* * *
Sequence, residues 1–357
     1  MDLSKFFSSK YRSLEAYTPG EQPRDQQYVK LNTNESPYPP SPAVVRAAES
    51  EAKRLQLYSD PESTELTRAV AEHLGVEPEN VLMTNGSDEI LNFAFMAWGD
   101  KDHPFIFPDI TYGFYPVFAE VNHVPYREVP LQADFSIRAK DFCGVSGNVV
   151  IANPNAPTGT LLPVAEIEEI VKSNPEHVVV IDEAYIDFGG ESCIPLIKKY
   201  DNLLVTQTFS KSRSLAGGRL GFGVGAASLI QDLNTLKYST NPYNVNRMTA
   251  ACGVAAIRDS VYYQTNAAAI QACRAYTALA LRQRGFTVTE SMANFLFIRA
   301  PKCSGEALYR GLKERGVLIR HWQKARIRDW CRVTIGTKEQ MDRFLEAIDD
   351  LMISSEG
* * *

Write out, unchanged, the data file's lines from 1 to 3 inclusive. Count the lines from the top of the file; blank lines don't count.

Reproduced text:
Sequence, residues 1–357
     1  MDLSKFFSSK YRSLEAYTPG EQPRDQQYVK LNTNESPYPP SPAVVRAAES
    51  EAKRLQLYSD PESTELTRAV AEHLGVEPEN VLMTNGSDEI LNFAFMAWGD